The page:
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Tripping at the hurdles

The story of cricketer Manish Mishra, who committed suicide last August, is a reflection of everything that’s wrong with Indian sports.

india Updated: Jun 11, 2007 23:58 IST

The story of cricketer Manish Mishra, who committed suicide last August, is a reflection of everything that’s wrong with Indian sports. Mishra, a left-arm spinner, had made it to the India under-19 team on sheer merit and was at the crease of a successful cricketing career when the world turned black. Selectors mysteriously dropped him from the Ranji squad. Disappointed and frustrated, and apparently with nowhere to turn to for advice, he took the extreme step. Yesterday, this paper reported the tragic tale of another cricketer, Subash Dixit, who ended his life when a dubious system slammed its door on him. We may well shrug and consider these incidents as isolated examples of sporting careers going awry. But that would be turning a Nelson’s eye to scores of similar cases that apparently dot India’s sporting landscape — of promising sports careers cut short by an uncaring system.

Also to blame, however, is a mentality that sees success as something that is non-negotiable. This is evident in the way families push a youngster to the brink so that he can make the academic grade which, in turn, will open up a path towards social mobility. Sports — read: cricket — is seen as the latest tool for such social mobility by an increasing number of parents. And woe betide the child who fails to reach the magic crease. It is no secret that India’s sportspersons more often than not achieve success despite the system, overcoming hurdles with sheer enterprise — be it a sprinter running barefoot on sandy beaches to increase speed. But sometimes, under the singular pressure to succeed, a Mishra or a Dixit encounters a wall and snaps.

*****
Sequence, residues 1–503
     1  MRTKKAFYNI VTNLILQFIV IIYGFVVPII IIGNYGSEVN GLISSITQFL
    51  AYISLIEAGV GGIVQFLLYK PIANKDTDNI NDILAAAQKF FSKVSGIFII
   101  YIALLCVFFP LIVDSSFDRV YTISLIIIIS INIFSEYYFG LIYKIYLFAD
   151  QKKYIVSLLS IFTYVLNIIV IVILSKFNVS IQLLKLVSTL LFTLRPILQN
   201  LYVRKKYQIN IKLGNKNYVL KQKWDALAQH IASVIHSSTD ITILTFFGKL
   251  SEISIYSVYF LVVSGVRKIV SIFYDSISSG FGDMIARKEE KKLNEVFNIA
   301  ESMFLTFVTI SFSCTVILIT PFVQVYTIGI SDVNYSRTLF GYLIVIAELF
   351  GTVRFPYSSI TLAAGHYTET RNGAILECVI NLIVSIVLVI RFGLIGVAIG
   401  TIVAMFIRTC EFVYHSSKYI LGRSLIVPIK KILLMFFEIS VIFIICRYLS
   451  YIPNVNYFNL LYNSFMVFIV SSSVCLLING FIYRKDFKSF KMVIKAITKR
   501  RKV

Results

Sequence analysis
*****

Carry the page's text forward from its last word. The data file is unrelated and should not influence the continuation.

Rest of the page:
There is a genuine lack of a sports culture in this country. In most schools, sports is still an ‘extracurricular activity’. Parents — and teachers — are still too focussed on academics to consider sports a profession. And if there is encouragement, it is in the form of an obsession to succeed. Society, on its part, should not put unnatural pressure on youngsters to emulate, say, a Dhoni or a Pathan. Sport, like academics, should not be a matter of life and death.